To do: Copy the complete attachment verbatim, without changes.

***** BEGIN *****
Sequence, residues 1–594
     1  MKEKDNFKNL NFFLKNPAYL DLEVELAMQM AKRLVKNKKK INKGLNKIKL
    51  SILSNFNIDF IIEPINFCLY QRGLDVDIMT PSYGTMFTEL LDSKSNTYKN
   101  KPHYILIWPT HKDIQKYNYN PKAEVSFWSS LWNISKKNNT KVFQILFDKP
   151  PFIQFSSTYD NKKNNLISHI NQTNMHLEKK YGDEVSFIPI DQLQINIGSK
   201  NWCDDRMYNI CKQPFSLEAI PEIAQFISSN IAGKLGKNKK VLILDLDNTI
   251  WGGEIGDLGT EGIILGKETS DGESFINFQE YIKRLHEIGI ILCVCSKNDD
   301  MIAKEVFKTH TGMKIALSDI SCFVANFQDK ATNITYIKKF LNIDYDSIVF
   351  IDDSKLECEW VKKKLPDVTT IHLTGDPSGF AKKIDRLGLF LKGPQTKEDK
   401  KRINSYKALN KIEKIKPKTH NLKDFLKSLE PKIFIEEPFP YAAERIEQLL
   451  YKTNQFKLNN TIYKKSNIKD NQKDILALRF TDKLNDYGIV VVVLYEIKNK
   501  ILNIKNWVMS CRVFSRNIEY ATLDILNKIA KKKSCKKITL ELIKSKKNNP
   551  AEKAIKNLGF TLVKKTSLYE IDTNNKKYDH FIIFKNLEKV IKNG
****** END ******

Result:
Sequence, residues 1–594
     1  MKEKDNFKNL NFFLKNPAYL DLEVELAMQM AKRLVKNKKK INKGLNKIKL
    51  SILSNFNIDF IIEPINFCLY QRGLDVDIMT PSYGTMFTEL LDSKSNTYKN
   101  KPHYILIWPT HKDIQKYNYN PKAEVSFWSS LWNISKKNNT KVFQILFDKP
   151  PFIQFSSTYD NKKNNLISHI NQTNMHLEKK YGDEVSFIPI DQLQINIGSK
   201  NWCDDRMYNI CKQPFSLEAI PEIAQFISSN IAGKLGKNKK VLILDLDNTI
   251  WGGEIGDLGT EGIILGKETS DGESFINFQE YIKRLHEIGI ILCVCSKNDD
   301  MIAKEVFKTH TGMKIALSDI SCFVANFQDK ATNITYIKKF LNIDYDSIVF
   351  IDDSKLECEW VKKKLPDVTT IHLTGDPSGF AKKIDRLGLF LKGPQTKEDK
   401  KRINSYKALN KIEKIKPKTH NLKDFLKSLE PKIFIEEPFP YAAERIEQLL
   451  YKTNQFKLNN TIYKKSNIKD NQKDILALRF TDKLNDYGIV VVVLYEIKNK
   501  ILNIKNWVMS CRVFSRNIEY ATLDILNKIA KKKSCKKITL ELIKSKKNNP
   551  AEKAIKNLGF TLVKKTSLYE IDTNNKKYDH FIIFKNLEKV IKNG